“I’m finding it a little hard to trust your version of events. We’ve all been through a lot the last couple of weeks. I’ll tell you what, let’s stay here, lay low for a little while longer, and if Jesus shows up again and shows me his wounds, I will believe everything. Otherwise, I am not going back out there”

Thomas and the rest of the disciples weren’t quite in a place to trust in that the Holy Spirit that would send them out in justice and forgiveness. They weren’t ready to trust that it was enough, or even real, for them to go out to do that work in the crazy city racked with unchecked state violence.

The themes in this story, and the worries in this story, have lately been played out on a stage for the whole world just about a 90 minutes’ drive north of us.

This past Wednesday, just a couple of days after Easter, protesters filled the streets of Minneapolis to the drumbeat of words from Martin Luther King Jr.

“No justice, no peace!” “No justice, no peace.”

The protesters’ chant, “no justice, no peace” is drawn from a speech MLK gave outside of Santa Rita Prison in December of 1967. The prison held peaceful protesters and members of the anti-War movement who were lately rounded up.

Outside of that California prison Dr. King spoke, “There can be no justice without peace, and there can be no peace without justice.” MLK was describing the situation commonly felt by oppressed communities the world over. It means that a community that has been struck by injustice over and over cannot sleep soundly in the sanctuary of peace. Instead a community struck by injustice is kept awake by a wound of violence.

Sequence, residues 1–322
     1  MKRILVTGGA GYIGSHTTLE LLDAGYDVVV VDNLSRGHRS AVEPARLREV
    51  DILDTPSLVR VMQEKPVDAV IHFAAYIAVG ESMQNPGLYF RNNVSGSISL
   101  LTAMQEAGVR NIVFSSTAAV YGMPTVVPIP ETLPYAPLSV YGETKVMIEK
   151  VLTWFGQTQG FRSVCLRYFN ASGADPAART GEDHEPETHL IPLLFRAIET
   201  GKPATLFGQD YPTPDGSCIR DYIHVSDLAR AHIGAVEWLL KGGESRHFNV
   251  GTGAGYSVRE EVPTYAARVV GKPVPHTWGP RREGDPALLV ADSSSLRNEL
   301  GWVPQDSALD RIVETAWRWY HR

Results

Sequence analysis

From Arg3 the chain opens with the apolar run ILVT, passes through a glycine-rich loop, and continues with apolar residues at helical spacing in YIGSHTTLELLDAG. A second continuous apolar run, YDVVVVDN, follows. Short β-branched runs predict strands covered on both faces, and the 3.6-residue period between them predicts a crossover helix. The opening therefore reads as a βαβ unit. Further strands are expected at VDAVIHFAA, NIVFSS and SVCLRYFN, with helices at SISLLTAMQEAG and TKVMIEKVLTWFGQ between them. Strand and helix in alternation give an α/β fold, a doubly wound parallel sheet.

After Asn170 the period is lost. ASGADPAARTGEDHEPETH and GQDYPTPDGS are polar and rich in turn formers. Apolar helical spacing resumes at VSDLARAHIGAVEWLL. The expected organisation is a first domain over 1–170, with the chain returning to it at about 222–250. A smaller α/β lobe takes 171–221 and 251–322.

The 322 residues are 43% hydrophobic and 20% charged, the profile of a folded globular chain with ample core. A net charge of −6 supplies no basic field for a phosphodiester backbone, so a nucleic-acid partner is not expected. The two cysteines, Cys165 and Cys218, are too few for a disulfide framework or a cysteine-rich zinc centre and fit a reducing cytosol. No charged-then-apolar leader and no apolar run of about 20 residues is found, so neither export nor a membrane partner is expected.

A community cannot know true peace until it knows truthful justice. Until it can trust.

Those of you who have been following the news know that over this past week such a wound was reopened for the Black community in the Twin Cities. This past November 15th, a young Black man named Jamar Clark became the 143rd person killed by state violence in Minnesota since 2000.

In the ensuing four months the world’s eyes have turned towards Minneapolis as activists have organized sit-ins, demonstrations, protests and marches dramatizing the lack of peace and justice felt in their community.

Events were brought to a head again this past Wednesday when the county attorney announced that he would not be pressing charges against the officers. This makes Jamar Clark the 143rd person in a row killed by state violence in Minnesota without a single official charge or indictment of wrong doing.

The protesters had a choice on Wednesday. You can imagine the voices in their heads, things they might have grumbled to one another. “This is hopeless.” “What’s the point anymore?” “Is it safe for us to go back out there?”

The protesters and activists faced a turning point. They have doubts. Each person had to ask herself, “Do we have enough spirit to keep up this fight? Do I?”